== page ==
Ilocos                                                                             33            35           32
                                         Cagayan Valley                                                                     30            32           30
                                         Central Luzon                                                                      33            36           29
                                         Southern Tagalog                                                                   34            36           31
                                         Bicol Region                                                                       29            32           26
                                         Western Visayas                                                                    32            34           29
                                         Central Visayas                                                                    29            33           24
                                         Eastern Visayas                                                                    32            34           29
                                         Western Mindanao                                                                   26            29           24
                                         Northern Mindanao                                                                  31            33           29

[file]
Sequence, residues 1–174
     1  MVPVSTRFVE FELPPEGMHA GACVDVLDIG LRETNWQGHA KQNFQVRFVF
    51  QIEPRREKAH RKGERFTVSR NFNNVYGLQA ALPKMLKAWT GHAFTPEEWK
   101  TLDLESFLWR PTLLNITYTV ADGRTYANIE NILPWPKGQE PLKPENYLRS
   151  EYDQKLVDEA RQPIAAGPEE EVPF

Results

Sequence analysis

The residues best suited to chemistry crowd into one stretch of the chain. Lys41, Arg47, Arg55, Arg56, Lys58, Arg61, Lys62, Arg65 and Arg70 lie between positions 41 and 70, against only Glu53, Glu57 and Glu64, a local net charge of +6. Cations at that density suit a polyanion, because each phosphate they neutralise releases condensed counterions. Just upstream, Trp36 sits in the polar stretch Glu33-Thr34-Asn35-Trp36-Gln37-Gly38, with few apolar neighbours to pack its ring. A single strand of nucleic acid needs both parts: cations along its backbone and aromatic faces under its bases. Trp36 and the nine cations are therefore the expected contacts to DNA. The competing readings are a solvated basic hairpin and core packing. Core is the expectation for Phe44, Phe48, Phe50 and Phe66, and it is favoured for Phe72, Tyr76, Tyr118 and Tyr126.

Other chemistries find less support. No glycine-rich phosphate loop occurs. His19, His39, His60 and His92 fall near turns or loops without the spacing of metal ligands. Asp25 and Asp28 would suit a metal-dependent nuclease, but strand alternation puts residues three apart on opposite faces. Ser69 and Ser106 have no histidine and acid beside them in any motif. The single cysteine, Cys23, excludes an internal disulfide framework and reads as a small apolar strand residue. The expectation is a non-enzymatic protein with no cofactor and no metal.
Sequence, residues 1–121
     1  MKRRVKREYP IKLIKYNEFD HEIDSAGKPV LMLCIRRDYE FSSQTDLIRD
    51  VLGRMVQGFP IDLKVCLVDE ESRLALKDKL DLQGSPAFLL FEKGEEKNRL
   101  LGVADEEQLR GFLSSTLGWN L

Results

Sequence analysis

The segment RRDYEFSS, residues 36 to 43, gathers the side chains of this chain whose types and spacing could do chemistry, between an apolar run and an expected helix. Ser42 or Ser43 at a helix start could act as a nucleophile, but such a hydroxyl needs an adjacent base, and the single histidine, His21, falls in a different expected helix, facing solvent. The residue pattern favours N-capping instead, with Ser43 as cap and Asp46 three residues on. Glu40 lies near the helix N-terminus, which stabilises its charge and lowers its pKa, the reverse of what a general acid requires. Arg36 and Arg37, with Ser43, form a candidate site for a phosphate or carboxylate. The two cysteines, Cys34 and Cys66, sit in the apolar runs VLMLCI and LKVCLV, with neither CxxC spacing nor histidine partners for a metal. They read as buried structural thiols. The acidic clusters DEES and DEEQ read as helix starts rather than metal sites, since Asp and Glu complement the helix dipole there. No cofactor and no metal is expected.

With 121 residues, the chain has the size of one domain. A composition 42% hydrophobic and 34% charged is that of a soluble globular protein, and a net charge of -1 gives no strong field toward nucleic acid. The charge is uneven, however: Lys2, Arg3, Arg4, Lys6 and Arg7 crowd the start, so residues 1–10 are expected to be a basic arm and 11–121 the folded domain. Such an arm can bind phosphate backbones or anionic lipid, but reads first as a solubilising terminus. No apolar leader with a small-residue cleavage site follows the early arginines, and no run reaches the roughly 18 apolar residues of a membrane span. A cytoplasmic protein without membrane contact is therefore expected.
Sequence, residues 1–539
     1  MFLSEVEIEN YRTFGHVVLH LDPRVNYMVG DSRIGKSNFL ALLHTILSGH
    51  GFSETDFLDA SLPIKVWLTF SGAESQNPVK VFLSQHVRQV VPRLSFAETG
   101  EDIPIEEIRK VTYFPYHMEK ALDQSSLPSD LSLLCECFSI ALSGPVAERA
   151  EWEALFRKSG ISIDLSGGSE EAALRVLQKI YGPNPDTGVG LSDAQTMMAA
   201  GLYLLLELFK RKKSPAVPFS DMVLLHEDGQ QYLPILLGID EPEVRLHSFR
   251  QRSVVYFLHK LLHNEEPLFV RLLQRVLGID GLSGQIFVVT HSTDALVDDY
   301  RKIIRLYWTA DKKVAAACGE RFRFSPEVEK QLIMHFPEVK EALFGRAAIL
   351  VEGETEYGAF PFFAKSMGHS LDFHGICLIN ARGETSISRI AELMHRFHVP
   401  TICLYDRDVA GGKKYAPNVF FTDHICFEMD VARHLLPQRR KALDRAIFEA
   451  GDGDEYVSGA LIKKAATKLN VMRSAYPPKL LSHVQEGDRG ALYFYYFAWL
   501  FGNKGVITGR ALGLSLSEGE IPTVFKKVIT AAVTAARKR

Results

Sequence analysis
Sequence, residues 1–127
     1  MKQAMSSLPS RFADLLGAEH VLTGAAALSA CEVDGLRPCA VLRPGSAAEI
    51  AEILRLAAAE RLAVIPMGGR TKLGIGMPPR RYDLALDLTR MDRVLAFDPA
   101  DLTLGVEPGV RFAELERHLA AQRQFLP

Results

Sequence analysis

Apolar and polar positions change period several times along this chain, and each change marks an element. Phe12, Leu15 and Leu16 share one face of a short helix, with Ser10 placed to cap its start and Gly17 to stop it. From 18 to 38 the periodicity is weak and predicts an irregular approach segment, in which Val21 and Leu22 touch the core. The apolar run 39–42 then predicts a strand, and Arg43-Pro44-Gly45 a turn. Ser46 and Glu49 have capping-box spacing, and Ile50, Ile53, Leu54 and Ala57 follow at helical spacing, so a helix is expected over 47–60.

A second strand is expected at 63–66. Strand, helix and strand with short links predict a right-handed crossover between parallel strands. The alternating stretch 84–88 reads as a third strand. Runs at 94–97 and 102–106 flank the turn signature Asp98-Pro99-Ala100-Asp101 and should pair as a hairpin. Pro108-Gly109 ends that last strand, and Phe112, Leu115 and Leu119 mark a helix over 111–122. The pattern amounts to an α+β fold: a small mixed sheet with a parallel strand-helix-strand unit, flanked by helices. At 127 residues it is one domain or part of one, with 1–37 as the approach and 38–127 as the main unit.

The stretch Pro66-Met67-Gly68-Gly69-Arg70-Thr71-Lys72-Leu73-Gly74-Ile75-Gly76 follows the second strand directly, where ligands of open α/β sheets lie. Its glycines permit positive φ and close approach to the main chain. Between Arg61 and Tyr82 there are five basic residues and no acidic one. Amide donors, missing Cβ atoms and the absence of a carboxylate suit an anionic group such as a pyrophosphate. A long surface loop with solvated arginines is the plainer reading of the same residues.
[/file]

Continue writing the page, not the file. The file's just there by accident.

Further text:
Southern Mindanao                                                                  29            32           27
                                         Central Mindanao                                                                   27            30           25
                                         Autonomous Region in Muslim Mindanao                                               25            27           24
                                         Caraga                                                                             31            34           27

       There was also a high proportion of overseas workers in the 10 to 14 age group
(10.04 percent). This implies that young people who are not allowed to work under
Philippine laws go into overseas work notwithstanding possible child abuse and
exploitation in the receiving countries. This indicates possible misreporting of the age of
these overseas workers to recruitment agencies and to host countries.

                Figure 5. Num ber of Filipino Overseas Workers by Age Group and Sex: 2000

     T 140                                                                                            h
                                                                                                  B ot Sexes
     h 120
                                                                                                  M al
     u 100                                                                                             e
                                                                                                  Fem al
     n 60

              0- 4
             1 1      5- 9
                     1 1 20-24 25-29 30-34 35-39 40-44 45-49 50-54 55-59 60-64 65-69 70-74 75-79 80-84   85+
                                                         A ge G roup

       Six out of every ten overseas workers in the age group 29 years and below were
female. The disparity was even greater in the 10 to 14 year age group, where two out of
every three overseas workers were female. On the other hand, males outnumbered
women in the older age groups with the highest proportion of males in the 50 to 54 year
age group (65.25 percent).
More than half were married
        Slightly more than half of overseas workers (55.8 percent) were married. This can
be partially attributed to the fact that married individuals have greater economic